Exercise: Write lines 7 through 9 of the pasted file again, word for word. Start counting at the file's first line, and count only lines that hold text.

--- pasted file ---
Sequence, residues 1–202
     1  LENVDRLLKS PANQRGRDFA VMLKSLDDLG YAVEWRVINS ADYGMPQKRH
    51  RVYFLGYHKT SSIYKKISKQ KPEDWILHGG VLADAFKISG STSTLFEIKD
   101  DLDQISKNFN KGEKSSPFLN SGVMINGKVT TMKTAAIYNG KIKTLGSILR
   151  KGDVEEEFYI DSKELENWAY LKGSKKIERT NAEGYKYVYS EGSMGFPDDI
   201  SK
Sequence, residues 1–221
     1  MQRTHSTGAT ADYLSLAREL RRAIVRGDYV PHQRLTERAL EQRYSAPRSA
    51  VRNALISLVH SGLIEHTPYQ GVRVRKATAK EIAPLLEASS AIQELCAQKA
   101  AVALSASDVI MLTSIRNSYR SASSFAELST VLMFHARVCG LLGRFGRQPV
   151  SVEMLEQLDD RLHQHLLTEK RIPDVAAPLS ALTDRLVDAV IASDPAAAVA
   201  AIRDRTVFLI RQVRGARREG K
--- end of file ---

Sequence, residues 1–221
     1  MQRTHSTGAT ADYLSLAREL RRAIVRGDYV PHQRLTERAL EQRYSAPRSA
    51  VRNALISLVH SGLIEHTPYQ GVRVRKATAK EIAPLLEASS AIQELCAQKA